[1158] Endometrial Biopsy Interpretation Using WHO 2004 and EIN Criteria: An Analysis of 77 Cases with Emphasis on Conservative Management

Kari K Hooper, Pamela J Stone, Charles M Quick. UAMS, Little Rock, AR

Background: Endometrial Intraepithelial Neoplasia (EIN) is a recently described, alternative staging system for endometrial hyperplasia that has been cited as a discerning and reproducible means of predicting the development of endometrial adenocarcinoma. In this study we compare the WHO and EIN classifications using lesions previously classified as hyperplasia, and correlated them with clinical outcome in a patient population treated with hormone therapy.
Design: Seventy-seven WHO classified hyperplasias (all types) from 2004 to 2011 were analyzed. The reviewers were unaware of the initial diagnosis. EIN criteria were applied (gland to stroma ratio at least 55%, cytologic alteration, size > 1mm, exclusion of mimics/cancer). Reclassified cases were compared to the WHO classification, and correlated with clinical treatment and pathologic follow up.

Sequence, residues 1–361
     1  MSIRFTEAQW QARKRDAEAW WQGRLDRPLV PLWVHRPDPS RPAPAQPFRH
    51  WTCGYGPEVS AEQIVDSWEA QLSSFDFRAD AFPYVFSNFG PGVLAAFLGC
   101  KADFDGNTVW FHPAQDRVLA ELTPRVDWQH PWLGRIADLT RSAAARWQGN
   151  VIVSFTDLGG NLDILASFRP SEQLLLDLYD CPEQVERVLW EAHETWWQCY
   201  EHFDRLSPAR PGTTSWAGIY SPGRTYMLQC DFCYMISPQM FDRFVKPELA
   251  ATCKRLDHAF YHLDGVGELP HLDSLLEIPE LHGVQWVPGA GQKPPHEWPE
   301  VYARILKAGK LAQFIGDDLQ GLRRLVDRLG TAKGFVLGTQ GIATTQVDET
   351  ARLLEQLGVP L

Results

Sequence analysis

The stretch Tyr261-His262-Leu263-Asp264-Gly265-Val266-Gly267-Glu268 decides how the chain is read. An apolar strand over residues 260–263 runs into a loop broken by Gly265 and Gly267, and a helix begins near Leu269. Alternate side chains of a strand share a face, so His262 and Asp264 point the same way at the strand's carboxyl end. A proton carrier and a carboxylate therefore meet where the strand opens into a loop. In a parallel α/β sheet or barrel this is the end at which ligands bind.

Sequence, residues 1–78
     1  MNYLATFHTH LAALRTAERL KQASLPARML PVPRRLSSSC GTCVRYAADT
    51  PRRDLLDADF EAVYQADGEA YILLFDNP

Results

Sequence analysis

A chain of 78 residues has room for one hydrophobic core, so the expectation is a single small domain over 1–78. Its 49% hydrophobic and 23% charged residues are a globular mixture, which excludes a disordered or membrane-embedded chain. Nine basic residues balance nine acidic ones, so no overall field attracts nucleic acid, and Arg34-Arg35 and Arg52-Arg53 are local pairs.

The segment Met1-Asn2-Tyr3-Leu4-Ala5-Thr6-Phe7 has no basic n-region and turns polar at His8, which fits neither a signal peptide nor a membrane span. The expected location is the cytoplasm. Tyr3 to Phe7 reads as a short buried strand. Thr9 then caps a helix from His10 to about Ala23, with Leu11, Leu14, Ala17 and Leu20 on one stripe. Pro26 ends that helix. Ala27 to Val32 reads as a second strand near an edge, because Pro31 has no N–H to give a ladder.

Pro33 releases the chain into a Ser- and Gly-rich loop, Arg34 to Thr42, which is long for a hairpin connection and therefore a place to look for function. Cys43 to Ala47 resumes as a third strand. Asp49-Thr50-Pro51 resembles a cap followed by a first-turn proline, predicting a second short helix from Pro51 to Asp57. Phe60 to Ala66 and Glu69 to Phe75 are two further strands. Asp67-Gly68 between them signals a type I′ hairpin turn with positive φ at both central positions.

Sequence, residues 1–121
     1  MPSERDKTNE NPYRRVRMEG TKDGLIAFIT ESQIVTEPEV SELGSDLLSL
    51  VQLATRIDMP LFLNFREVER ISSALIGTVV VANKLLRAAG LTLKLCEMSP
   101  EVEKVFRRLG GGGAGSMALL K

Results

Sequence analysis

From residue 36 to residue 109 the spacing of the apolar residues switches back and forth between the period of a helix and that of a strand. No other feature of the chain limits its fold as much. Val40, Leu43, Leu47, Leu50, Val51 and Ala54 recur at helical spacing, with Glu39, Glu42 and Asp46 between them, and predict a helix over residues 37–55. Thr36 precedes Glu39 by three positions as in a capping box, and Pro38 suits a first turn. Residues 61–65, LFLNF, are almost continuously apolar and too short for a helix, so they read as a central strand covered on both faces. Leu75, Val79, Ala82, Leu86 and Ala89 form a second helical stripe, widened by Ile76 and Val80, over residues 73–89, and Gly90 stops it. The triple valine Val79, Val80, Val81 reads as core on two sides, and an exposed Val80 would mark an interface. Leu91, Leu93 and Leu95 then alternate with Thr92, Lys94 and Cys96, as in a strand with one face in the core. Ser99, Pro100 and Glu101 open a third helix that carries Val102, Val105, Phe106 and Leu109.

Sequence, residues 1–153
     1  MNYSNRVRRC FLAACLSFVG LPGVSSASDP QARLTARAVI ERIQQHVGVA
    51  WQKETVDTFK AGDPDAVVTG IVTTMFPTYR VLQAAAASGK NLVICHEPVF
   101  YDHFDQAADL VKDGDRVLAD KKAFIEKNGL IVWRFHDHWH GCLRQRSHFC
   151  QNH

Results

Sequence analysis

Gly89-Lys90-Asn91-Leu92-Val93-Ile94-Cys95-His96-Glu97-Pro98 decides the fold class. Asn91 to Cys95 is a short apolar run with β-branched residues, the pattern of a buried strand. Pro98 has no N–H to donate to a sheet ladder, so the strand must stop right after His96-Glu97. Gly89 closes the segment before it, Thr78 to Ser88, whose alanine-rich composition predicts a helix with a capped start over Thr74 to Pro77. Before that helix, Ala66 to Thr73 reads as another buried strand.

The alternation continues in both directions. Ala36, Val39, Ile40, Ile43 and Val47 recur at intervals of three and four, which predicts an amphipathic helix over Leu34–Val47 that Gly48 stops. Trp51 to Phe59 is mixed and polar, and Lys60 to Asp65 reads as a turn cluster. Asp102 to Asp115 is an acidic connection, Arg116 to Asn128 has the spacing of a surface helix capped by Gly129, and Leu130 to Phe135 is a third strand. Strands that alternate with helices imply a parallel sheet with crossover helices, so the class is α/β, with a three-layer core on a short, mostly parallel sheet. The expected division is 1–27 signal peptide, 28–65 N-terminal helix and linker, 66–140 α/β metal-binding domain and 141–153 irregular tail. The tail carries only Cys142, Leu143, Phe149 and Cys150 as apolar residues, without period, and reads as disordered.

Results: 77 cases (70 with follow up) were available for review; 38 (49%) met criteria for EIN. These 38 were originally classified as complex atypical hyperplasia (CAH) (14, 37%), complex hyperplasia (CH) (23, 60%) and simple atypical hyperplasia (1, 3%). The 39 cases that did not meet EIN criteria consisted of polyps (10, 26%), subdiagnostic atypical or crowded glands (13, 33%), benign hyperplasia (3, 8%) and benign endometrium (13, 33%). Of the 70 patients with available follow-up, 33 (47%) were treated with hormones. Of these, 15 patients (45%) had negative follow up biopsies. 2 patients (6%) went to hysterectomy and were diagnosed with carcinoma (5 & 11 months), and 1 (4%) had residual EIN on follow up. 15 patients (45%) had no biopsy follow up (12 had no evidence of disease clinically, 2 had persistent bleeding but were not re-biopsied, and 1 was lost to follow up). Clinical follow up ranged from 1-83 months with a mean of 16 months. None of the patients who did not meet EIN criteria developed endometrial carcinoma, and all patients who developed endometrial carcinoma were reclassified as EIN during the review.
Conclusions: EIN criteria is sensitive (100%), has an excellent negative predictive value (100%) in that none of the cases that did not meet EIN criteria developed carcinoma, and provides an objective approach to endometrial biopsy interpretation. Medical management of EIN is a viable alternative to surgical therapy in the proper clinical setting, with only 6% progressing to carcinoma over our follow up period. Due to the high negative predictive value of the EIN criteria, patients without EIN may be conservatively managed.
Category: Gynecologic & Obstetrics

Tuesday, March 20, 2012 1:00 PM

Poster Session IV # 129, Tuesday Afternoon

 

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